On the heels of my last post, this is the same thing in reverse.
Instead of lumping everything together because of a common denominator, black authors, Simmons Teen Reading writes about a librarian urging her colleagues keeping urban lit separated from the other books in the young adult section. I have to agree with the librarian. Better yet, I have a question for the librarian: Why would you put these books in the Young Reader’s section, anyway?
I wouldn’t dare let anyone under 18 openly have some of the books I come across. But then again, I wouldn’t suggest some of the music and movies that a lot of the youth have access to. Sex, drugs and violence shouldn’t be standard fare for a teenager’s reading supply.
Then, on top of that, why would the urban lit be in the kid’s section anyway? Like I said above, all of the urban lit I’ve read was absolutely adult in nature.
So to Simmons: Yeah, but naaaaah…
Christopher Chambers writes about the “blacks only” section popping up in many bookstores and supermarts. In his quest for Matt Johnson’s graphic novel Incognegro, he’s directed to the “black section”. Mixed in with the urban fiction is other classics like Richard Wright’s Native Son and Dorothy West’s The Wedding. ( must admit that I’ve only heard of and read Native Son.)
His frustration came from the fact that African American authors and pushed into one section regardless of genre, time period or quality of writing. This is how I feed about it. Until these big corporations start to care about black authors as authors, as opposed to African American authors, we can’t expect for them to include African American authors with the other “greats”.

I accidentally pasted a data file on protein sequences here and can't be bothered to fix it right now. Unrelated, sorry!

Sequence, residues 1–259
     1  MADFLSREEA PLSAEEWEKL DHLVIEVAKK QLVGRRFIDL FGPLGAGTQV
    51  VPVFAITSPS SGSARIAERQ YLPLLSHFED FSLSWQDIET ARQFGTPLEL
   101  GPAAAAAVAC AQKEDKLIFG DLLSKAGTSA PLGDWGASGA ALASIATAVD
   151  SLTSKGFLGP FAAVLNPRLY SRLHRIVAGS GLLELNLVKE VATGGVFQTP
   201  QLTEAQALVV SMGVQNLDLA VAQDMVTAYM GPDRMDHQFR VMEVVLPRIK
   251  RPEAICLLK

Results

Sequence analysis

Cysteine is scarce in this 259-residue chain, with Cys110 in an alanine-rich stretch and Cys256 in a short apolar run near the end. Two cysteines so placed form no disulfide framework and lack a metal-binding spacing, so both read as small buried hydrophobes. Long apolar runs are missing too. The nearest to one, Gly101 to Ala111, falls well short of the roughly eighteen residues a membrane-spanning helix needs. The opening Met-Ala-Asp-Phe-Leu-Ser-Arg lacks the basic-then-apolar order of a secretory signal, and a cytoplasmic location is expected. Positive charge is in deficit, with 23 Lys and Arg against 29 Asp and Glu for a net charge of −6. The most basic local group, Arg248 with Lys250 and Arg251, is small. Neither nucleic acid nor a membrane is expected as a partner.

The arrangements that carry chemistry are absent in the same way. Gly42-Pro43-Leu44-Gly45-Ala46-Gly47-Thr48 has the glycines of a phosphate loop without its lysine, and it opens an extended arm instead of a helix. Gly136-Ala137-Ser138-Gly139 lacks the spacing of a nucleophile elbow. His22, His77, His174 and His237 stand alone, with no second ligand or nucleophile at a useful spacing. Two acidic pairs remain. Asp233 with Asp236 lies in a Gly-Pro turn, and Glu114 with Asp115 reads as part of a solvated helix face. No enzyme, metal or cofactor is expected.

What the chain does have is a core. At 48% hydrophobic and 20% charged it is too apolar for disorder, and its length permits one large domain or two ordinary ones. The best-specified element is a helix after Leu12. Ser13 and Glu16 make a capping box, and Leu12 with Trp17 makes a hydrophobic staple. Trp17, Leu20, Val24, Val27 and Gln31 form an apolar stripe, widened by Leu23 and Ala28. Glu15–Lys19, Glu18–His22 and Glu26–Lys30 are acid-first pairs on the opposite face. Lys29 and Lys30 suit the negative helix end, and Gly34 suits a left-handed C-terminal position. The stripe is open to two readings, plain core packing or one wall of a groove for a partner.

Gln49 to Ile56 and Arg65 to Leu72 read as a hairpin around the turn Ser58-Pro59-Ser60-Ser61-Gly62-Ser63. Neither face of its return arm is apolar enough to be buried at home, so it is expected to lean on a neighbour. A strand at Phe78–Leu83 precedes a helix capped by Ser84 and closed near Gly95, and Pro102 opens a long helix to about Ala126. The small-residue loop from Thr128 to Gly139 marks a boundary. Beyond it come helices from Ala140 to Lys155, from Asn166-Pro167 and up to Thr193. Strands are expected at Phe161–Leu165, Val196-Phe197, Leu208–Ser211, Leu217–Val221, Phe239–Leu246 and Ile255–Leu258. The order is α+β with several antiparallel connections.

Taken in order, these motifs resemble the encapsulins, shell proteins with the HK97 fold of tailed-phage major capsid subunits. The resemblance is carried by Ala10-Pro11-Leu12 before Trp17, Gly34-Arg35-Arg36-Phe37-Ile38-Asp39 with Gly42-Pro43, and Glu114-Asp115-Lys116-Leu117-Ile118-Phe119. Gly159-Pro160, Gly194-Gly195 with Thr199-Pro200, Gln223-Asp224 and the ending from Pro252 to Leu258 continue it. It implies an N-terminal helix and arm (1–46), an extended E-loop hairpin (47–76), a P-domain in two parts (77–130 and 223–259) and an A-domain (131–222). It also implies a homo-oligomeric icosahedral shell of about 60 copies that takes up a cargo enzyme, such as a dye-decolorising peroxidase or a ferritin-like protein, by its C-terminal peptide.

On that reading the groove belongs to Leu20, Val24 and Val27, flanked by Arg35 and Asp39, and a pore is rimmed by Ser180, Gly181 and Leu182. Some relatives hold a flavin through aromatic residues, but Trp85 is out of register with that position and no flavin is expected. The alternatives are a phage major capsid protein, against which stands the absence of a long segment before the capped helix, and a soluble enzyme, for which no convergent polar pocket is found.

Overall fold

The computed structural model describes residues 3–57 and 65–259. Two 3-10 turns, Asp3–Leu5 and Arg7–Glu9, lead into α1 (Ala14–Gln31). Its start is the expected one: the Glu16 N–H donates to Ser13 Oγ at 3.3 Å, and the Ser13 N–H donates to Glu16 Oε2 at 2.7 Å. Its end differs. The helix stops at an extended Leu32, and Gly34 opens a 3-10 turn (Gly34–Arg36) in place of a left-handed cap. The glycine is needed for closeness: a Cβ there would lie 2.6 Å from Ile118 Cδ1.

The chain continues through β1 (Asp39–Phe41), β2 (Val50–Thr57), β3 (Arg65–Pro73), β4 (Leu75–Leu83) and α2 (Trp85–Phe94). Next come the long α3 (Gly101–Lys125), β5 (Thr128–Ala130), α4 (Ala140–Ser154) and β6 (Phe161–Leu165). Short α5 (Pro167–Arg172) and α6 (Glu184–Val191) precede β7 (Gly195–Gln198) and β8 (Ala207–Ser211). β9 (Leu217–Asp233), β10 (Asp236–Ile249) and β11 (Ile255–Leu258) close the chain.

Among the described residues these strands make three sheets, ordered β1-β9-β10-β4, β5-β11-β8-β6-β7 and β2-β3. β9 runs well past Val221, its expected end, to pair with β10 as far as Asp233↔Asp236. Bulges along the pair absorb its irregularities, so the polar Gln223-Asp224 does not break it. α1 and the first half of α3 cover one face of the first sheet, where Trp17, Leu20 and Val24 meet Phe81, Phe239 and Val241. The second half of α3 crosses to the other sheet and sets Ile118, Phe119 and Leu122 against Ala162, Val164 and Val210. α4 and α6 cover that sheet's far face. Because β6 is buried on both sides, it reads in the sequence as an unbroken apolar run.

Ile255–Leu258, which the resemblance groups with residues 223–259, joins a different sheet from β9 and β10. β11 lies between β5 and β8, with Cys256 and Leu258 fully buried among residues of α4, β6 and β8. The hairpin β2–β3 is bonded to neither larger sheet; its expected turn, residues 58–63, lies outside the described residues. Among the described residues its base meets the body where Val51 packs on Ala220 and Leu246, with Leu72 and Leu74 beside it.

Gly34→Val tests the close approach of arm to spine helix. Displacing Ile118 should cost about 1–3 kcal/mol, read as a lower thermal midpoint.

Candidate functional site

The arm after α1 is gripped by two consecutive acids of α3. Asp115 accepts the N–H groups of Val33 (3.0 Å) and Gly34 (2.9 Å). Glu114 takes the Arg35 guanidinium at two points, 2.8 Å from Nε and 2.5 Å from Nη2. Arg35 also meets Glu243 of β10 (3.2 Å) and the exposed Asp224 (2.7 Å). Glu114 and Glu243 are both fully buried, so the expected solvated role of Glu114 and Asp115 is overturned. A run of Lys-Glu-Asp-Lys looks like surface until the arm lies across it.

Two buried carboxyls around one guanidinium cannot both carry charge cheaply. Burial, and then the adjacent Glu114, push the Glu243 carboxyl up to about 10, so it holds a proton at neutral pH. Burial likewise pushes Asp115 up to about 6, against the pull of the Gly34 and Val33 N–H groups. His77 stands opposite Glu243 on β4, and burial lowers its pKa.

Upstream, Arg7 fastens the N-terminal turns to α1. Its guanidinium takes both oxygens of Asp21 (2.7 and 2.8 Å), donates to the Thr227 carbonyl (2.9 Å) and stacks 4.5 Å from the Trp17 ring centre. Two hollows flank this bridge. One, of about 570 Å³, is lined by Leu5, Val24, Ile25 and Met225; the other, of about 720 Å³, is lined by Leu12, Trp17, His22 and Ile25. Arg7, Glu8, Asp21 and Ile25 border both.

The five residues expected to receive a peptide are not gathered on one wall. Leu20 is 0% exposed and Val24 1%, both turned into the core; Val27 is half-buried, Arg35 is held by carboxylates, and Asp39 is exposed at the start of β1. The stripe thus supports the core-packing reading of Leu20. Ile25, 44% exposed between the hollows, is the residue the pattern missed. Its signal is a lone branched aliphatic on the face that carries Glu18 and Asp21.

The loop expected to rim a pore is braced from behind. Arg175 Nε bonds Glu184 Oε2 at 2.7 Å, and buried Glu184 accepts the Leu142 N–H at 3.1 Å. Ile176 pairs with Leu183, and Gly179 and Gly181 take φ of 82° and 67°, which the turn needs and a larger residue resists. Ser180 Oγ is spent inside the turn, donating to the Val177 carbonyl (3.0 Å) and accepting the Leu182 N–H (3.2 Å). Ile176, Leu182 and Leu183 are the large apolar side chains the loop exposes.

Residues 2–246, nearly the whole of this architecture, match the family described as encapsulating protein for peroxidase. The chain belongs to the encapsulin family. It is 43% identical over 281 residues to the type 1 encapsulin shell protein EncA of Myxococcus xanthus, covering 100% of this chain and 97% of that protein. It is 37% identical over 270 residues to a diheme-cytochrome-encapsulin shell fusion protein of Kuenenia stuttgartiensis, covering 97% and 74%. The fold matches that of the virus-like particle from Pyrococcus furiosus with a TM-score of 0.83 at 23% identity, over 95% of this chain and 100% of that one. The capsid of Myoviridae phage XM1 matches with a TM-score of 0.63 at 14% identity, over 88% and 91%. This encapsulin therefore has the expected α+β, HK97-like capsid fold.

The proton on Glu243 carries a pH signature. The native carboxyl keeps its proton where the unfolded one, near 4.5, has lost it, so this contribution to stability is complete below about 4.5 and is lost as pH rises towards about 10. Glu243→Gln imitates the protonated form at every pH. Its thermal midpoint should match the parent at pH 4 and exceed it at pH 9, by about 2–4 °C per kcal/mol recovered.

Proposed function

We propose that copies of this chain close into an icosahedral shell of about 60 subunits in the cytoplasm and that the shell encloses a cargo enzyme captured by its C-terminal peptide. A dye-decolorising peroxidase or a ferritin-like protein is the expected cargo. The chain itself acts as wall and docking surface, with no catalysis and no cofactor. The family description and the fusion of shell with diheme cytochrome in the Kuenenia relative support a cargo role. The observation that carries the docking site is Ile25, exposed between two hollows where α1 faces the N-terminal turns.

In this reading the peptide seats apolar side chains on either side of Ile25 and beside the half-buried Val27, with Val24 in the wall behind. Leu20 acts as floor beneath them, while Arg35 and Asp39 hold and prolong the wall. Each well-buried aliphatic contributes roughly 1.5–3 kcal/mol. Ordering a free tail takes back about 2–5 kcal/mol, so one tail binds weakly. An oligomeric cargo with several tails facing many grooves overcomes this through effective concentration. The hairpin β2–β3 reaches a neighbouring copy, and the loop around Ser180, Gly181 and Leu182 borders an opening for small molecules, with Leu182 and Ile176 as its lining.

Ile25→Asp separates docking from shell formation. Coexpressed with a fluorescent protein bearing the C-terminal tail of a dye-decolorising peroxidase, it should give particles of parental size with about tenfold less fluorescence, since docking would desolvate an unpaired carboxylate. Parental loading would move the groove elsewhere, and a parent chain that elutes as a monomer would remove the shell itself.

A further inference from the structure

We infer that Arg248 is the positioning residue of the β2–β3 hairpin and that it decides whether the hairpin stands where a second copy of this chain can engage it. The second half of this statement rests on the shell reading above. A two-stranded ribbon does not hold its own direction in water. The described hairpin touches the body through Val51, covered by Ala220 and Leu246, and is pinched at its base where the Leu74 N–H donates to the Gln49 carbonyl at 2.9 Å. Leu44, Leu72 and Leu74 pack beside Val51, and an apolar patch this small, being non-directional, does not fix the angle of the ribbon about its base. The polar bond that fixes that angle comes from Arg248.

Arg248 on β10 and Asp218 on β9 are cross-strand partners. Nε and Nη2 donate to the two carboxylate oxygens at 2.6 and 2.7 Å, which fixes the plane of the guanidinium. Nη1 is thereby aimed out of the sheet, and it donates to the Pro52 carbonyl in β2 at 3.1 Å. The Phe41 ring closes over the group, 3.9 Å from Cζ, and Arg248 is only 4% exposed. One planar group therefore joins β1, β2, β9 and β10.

But to be mad about the success of urban lit is…typical, yet natural. Urban lit follows the same pattern that other forms of entertainment in black America have taken. The best and most recent example would be hip hop. Black artists were making music that their people liked. Not every black person was down, but that wasn’t the point.
The point was that hip hop wasn’t tailor made for mainstream consumption.That didn’t stop the music from being made in makeshift studios. That didn’t stop the music from being sold out of the trunks of cars. That didn’t stop the music from finally making it mainstream. That also didn’t stop the music from being raped just like the jazz, blues and rock n’ roll that came before it.
And just like hip hop, urban fiction writer’s hustled their way into prominence. While the corporations swooped in to make some money from the trend, black writer’s of other genres tend to feel slighted and in return attack.
It makes me wonder if there is some literary Willie Lynch that held a big publishing event somewhere overseas. I bet it’s in a book. (Because we don’t read, right…) Pit the new African American writers against the old African American writers. Pit the intellectuals against the uneducated. Pit urban lit against African American romance…
I came across interesting Tayari Jones post about a Galleycat post that Tayari found interesting.
Lexus is paying (a select group of) authors to write short stories about the Lexus IS F. The 2008 Lexus Original Fiction Series “In The Belly of The Beast” is about a young couple traveling in the car from Brooklyn to The Bay Area. Sounds like a good rap collabo in the making.
Tayari points out the fact that there are literally thousands of Urban Lit authors and rappers in the belly of the beast giving tons of free publicity to Lexus, Cristal and Armani in their works. I have to admit that I couldn’t tell you if what I’m reading is slang or product placement. Red Monkey? Murcielago?
Will the artists and writers get paid by Lexus for endorsing their products? Sure they will. Right? Just like Tommy Hilfiger and Granda Puba. Just like gangsta rap and Glock and Mossberg. Just like R. Kelly and Jeeps. Just like Timbaland and Timberlands. Just like Gucci Mane and Gucci.
But on the flip side, if urban lit authors and rappers didn’t reference material items would the stories be as interesting?